Did you know that rosaries get their name because they are traditionally made of, well….ROSES! Imagine that! And to think–most of us assumed that all rosaries are made of plastic beads. Today there are certain orders of nuns in the Catholic tradition who still specialize in this delicate craft.
Of course, generously providing rich material for dedicating prayers and offerings has been a gift of roses which long predates the Church. Our human love affair with the rose people stretches as far back to the very beginning of relations between humans and roses. I consider roses to be not only an ally, but a rightful ancestor of my line.
Many of you have seen the rosary I use in ritual, and asked me to post instructions on how I made it. I’ve promised that I would post this while the roses are still in bloom, so you can try making one yourself.
I harvested the petals for this rosary from the rosebush that my mother planted in my garden, which makes my rosary that much more precious. My mother’s people have worked with roses as an ally for a very long time, and my grandmother’s name is Rose. Plus, fittingly, I am posting this on my mother’s birthday. May these roses and this post be a blessing to my maternal lineage.
I harvested a medium sized basket of rose petals while the rose bush was in full bloom. Make sure to spend some time admiring these petals, drinking in their beauty, taking deep whiffs of their soft fragrance, praying to be more like them: velvety, colorful, generously abundant, and quite skillful at communicating their (thorny) boundaries.
I put the rose petals in the food processor and grinded until they became a gorgeous pinkish pulp. In days of yore, rosary makers chopped and mashed in a mortar and pestle instead of a machine.
Then I put the rose pulp in a saucepan with just a splash of water, and cooked them gently on the lowest of low heat, for most of the day. Be gentle with these beauties!
Then I put the cooked rose pulp into a piece of muslin (actually, I used an old-fashioned handkerchief. But muslin or cheesecloth would work, too) and squeezed over a bowl to catch the emerging liquid. Make SURE you save this incredible “rose milk” to use for any number of amazing recipes. I used it to make some heavenly blackberry-rose popsicles, by adding honey, blackberry juice, and milk. Oh how I savored these treats! Probably ranks up there as one of t”he most amazing things I’ve ever put in my mouth.
Then I shaped the rose “clay” into beads and stuck them carefully on pins so that the holes ran directly through the center, and set them to dehydrate in the sun. They shrink by about half, so make sure you plan for that in choosing the size that you want your beads to be when dry. Also, make sure that the pins you use are thick enough that you’ll be able to fit some strong cord or string through them. I think the pins I used are upholstery pins.
Each day, I made sure to rotate the beads up and down on their axes, so that they didn’t stick to the pins as they were shrinking down. I live in a relatively cool, moist climate in the Pacific Northwest, so they took about a week to dry. But things may go alot faster if you live somewhere with very hot summers.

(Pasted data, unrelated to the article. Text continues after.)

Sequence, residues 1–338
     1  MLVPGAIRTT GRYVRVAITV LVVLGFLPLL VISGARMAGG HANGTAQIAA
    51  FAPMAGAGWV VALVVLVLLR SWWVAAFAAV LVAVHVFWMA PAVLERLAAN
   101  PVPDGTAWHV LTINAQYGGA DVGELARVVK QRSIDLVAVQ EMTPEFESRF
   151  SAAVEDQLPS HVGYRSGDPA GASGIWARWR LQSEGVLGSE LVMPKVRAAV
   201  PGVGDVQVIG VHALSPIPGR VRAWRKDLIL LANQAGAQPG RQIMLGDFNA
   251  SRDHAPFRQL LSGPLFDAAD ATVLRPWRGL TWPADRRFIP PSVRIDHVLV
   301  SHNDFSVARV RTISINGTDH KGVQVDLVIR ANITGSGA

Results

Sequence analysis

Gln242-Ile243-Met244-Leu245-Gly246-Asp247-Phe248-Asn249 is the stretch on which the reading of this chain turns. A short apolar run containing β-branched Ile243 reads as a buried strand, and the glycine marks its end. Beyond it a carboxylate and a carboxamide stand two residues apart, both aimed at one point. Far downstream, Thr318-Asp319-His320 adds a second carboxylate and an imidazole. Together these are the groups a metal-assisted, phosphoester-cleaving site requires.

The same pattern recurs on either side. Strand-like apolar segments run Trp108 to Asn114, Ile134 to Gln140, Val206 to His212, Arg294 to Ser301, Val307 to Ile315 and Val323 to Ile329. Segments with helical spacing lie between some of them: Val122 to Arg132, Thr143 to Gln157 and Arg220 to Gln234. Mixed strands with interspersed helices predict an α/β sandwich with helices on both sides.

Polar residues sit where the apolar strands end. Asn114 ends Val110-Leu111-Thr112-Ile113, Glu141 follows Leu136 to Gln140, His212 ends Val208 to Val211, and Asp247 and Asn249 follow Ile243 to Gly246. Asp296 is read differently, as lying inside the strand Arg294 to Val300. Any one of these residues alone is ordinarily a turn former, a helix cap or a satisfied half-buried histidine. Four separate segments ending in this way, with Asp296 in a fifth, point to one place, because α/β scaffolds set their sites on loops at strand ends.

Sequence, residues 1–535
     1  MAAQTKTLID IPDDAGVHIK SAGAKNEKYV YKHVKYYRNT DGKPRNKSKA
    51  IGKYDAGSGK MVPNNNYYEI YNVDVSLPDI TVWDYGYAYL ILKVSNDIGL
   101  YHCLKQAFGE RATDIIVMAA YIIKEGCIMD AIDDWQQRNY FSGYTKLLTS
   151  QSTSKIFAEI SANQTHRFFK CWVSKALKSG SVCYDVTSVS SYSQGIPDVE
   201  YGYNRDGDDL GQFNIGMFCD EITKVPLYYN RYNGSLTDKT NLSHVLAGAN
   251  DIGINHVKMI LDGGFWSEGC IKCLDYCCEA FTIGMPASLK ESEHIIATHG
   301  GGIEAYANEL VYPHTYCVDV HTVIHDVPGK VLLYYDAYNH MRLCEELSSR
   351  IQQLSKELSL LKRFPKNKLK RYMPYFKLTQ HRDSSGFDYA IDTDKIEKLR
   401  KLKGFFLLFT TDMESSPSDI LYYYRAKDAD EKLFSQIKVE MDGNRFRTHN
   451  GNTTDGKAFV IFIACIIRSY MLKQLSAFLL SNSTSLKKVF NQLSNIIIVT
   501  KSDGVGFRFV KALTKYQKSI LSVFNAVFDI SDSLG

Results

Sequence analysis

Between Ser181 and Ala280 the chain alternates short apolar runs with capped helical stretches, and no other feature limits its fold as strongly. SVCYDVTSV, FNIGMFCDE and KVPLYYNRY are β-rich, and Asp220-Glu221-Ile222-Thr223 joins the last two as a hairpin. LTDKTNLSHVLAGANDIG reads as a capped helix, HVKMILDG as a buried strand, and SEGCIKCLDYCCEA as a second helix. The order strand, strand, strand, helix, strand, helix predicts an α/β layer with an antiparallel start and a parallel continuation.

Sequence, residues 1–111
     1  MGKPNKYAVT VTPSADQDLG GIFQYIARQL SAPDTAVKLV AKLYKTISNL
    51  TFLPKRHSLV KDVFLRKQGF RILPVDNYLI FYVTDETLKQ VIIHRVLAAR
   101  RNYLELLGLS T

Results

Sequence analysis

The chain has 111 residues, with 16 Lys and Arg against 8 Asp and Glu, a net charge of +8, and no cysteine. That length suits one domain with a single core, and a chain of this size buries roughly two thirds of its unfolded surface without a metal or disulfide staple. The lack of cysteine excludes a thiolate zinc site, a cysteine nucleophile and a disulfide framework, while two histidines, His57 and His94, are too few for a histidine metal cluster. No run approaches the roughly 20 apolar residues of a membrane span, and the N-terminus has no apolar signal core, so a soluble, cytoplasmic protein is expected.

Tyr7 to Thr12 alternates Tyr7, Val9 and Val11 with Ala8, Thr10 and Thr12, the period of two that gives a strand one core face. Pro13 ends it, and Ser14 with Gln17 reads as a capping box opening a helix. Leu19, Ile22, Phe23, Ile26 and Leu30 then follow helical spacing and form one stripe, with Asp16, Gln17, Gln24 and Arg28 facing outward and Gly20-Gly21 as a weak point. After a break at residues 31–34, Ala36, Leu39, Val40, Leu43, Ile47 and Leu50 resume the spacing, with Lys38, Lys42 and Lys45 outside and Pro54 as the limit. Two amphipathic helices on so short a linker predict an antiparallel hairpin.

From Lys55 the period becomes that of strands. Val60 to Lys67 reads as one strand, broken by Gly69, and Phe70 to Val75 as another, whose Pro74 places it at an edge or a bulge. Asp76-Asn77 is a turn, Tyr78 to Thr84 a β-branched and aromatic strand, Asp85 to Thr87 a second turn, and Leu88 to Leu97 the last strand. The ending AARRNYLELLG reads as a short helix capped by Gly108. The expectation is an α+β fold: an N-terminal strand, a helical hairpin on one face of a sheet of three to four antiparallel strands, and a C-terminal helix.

When all dry, I made sure to put them on a strong piece of cordage, because they are very precious, and I wouldn’t want to lose any beads! I prayed for each of them as I slid the needle through, and rubbed each one with rose essential oil–an intoxicatingly sacred task. It’s best to keep these beads dry, so I keep them in a special pouch and container when not using them. Needless to say, I don’t wear them out in the rain!
Compared to the finely-crafted creations of the Catholic nuns, my rosary came out a bit crude. But it is an amazingly special and powerful ritual tool for me, nonetheless. Even though it’s not traditional for Catholics to wear their rosaries, I do like to wear mine in ritual sessions, and anytime I feel I need extra protection. I’m very grateful to share this with you, and highly recommend this process to you if you want to work more intently with roses.
Big gratitude, Familia Rosa!
Beautiful, Nala!! Thanks for sharing your process. I am touched by the care and attention you take for this…..
Thank you, dear Therese!!! It was indeed a very touching and care-filled process for me. I use this rosary constantly. It’s become a very potent and important part of my ritual “toolkit,” providing comfort, connection with my motherline, and protection as well.
Heya! I tried this but the holes in the beads were still too small for a .5mm cord. Do you recall what sized cord you used?
I don’t recall what size the cord I used was, but I used a relatively thick waxed hemp, because this is an important ritual piece for me, and I wanted to make sure to use something really strong.
However, I want to note that the pins I used were pretty thick upholstery pins, not simple sewing pins. Additionally, I rotated and jiggled the beads as they were drying to keep the holes open as much as possible, so they could fit a thick cordage.
Hope that helps! Thanks for asking. Hope that helps! (Oh, and it’d be sweet if you included a photo of your beads, if you’re willing!)